It’s time to talk Thanksgiving – and in particular delicious sides. Who better to have in your kitchen to help you cook your feast than Chef Daniel Boulud? For Made in America Daniel gave me a recipe for celery root purée, as a side for his Short Ribs recipe, which is super easy to make. One dish people seem to all want for Thanksgiving is mashed potato – but with all the time management in the kitchen on Thanksgiving, regular mash seems so labor intensive, however delicious. It’s time to turn to Daniel for help:
This simple alternative of celery root hits all the same notes as soft creamy mashed potatoes and adds in some extra depth of flavor. Plus it sounds French and fancy – a sure way to impress your guests.
Here’s the real reason I’ll be making this every year from now on, you can use a food processor. Yes that’s right – a food processor. Usually there is no cutting corners with mashed potatoes – it’s either a lot of elbow grease with the potato masher or the ricer (my preferred way of getting creamy fluffy mash). Have you ever tried making mash with a processor or an immersion blender? I don’t suggest it. You basically end up with sticky glutonous white yuk. Not so with this celery root purée from Chef Daniel Boulud. Don’t ask me why, but it works.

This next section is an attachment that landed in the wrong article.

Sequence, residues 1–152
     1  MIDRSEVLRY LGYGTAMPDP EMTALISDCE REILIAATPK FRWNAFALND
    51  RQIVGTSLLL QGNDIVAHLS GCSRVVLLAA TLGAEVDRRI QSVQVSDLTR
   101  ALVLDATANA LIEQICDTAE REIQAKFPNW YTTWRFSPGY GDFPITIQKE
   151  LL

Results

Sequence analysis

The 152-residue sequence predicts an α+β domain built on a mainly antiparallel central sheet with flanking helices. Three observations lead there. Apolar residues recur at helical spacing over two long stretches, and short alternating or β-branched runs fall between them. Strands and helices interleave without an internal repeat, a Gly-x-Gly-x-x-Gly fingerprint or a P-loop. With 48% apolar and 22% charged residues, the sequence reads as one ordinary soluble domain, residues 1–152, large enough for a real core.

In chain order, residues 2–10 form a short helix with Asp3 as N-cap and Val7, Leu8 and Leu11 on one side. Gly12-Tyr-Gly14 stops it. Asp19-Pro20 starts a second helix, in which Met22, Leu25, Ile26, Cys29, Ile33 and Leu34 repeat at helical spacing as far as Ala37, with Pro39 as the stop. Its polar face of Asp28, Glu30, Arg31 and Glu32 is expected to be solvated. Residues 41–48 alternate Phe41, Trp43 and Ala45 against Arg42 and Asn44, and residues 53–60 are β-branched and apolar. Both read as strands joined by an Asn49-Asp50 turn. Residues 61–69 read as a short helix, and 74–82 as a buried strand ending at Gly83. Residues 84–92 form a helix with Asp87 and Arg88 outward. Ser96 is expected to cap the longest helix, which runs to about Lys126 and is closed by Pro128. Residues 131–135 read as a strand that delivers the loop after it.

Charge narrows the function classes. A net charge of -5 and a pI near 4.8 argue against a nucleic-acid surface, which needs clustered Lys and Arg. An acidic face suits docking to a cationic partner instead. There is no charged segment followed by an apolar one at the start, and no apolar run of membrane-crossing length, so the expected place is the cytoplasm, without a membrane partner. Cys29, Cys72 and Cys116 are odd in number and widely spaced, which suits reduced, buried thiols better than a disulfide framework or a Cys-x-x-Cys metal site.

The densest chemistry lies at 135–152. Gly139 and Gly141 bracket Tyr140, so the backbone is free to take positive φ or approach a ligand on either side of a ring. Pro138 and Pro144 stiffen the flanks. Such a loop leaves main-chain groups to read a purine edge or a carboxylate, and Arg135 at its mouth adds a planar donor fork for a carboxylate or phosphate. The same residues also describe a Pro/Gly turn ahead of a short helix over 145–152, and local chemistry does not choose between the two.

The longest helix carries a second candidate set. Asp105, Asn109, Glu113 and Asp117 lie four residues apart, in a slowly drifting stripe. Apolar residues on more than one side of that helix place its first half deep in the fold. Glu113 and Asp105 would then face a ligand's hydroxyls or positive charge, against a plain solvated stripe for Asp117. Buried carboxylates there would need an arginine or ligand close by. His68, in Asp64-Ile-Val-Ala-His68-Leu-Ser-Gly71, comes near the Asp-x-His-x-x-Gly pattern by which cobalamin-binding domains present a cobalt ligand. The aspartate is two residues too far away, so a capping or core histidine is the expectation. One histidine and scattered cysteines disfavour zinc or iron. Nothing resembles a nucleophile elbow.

In true French culinary fashion Boulud uses white ground pepper for his purée – I think they consider black pepper unsightly in this lily white side.
Celery Root Purée by Daniel Boulud
From Made in America
1 quart whole milk
2 tablespoons coarse salt
2 pounds celery root, peeled and cut into 8 pieces
1 pound Yukon gold potatoes, peeled and halved
8 tablespoons (1 stick) unsalted butter, at room temperature, cut into 8 pieces
Salt and freshly ground white pepper
To Make the Celery Root Purée
1. Put the milk, 4 cups water, the coarse salt, celery root, and potatoes in a medium saucepan and bring to a boil over medium heat. Lower the heat and cook at a simmer until the vegetables can be easily pierced with the point of a knife, 20 to 25 minutes. Drain the vegetables and return them to the pan. Return the pot to the stovetop over low heat and toss the vegetables around in the pot just long enough to cook off the excess moisture.
2. Transfer the vegetables to the work bowl of a food processor. Add the butter and process—taking care not to overwork the mixture—but just until the purée is smooth and creamy. Season with salt and white pepper. Keep the purée warm in the top of a double boiler over simmering water until ready to plate.